Thanks for the tip on Vibra-tite, I'll take a look. I am pleased to hear that you have been able to remove without too much force or heat. Loctite and Vibra-tite put the temperature range on their products to 300F, which is somewhat higher than the 220F SKF gives as maximum temperature for heating the bearings for install or removal, so I had a bit of concern that i would need to cook the assembly too hot if I ever need to take it apart again. Do you remember which Vibra-Tite you used? 530 looks like an low-strength oil-resistant option.

eKretz- apologies for my poor terminology. You are correct noting that i used TIR for describing this non-rotating measurement. I mean side to side free play as I push/pull the spindle without rotating. If the indicator is zeroed with no applied force it does come back to zero when the force is removed. For low-ish force it moves about 0.0005" + or - when I push/pull. If i just spin the spindle without pushing laterally then it runs true: TIR inside the taper during rotation is about 0.00015.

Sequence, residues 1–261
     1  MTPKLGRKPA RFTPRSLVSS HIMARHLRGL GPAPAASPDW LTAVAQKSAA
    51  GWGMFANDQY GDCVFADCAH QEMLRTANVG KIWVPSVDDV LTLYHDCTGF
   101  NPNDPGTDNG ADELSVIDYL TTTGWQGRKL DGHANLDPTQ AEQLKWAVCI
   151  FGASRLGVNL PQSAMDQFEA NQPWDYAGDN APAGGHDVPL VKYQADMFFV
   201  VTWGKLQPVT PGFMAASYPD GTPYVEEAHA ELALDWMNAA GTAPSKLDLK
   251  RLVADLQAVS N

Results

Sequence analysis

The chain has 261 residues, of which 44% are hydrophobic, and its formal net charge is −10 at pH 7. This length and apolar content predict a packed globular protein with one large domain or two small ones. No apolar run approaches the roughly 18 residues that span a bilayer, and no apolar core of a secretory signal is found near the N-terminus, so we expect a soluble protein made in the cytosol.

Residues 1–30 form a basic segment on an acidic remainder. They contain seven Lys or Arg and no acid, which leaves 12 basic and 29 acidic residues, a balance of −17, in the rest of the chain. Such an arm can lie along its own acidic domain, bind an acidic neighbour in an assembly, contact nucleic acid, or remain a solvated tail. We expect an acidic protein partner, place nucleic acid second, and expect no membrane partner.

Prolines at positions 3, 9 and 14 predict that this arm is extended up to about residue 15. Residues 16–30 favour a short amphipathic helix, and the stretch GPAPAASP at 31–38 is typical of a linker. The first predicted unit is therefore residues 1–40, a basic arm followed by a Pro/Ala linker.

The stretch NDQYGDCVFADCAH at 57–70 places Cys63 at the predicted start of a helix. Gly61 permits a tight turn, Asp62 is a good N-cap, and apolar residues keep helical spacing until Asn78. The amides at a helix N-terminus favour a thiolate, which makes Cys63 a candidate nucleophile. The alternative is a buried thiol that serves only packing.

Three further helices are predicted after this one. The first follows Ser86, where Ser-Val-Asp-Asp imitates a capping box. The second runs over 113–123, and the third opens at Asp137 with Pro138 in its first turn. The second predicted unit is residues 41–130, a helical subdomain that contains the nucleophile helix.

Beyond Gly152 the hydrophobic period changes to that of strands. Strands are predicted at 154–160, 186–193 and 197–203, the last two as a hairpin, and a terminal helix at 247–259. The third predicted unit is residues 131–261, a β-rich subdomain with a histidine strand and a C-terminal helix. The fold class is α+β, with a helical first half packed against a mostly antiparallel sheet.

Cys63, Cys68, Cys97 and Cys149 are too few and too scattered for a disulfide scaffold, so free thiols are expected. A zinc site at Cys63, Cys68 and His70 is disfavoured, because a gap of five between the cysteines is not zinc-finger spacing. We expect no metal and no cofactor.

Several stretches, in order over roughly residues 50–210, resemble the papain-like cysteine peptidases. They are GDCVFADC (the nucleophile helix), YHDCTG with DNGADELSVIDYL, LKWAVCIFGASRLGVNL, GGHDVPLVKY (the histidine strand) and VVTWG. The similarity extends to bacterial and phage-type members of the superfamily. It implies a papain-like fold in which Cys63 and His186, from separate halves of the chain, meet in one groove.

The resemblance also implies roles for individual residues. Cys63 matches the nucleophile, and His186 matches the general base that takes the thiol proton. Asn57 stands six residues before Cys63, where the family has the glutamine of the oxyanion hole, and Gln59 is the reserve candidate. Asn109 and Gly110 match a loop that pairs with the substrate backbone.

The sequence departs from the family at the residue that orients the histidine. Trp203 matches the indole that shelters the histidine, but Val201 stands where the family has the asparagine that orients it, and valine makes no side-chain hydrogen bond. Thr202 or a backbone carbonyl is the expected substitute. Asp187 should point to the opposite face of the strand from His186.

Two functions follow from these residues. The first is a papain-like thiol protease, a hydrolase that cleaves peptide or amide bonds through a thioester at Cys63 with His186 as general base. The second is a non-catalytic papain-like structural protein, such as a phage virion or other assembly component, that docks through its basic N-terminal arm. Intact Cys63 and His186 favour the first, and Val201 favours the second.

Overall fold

For removal, the higher the heat, the lower the required pressure so you go as hot as you feel is suitable and push the assembly out. A press-push is much gentler on the bearings than hammer blows, of course. The Vibra-Tite I use most is for 'close fits'. I've also used their 'gap fill' version which works up to .015" clearance.
 
Thanks gordon. McMaster lists Vibra-tite 530 for oily, close fitting parts max gap of 0.005". I'll probably order that and give it a shot.
thanks,
mike
 
Its likely one of a few potential issues. Lack of preload, small shaft od, or big housing id. We already know the housing is big if it slides in and out super easy, question is how big? Also how small is the bearing outer race od? It will say on the skf box (will be the big D spec) if the new bearings are say -6 and the housing is +15, you have a 21 micron slip fit, there could certainly be some movement there. Did you reset outer race capture? If so what did you set it at?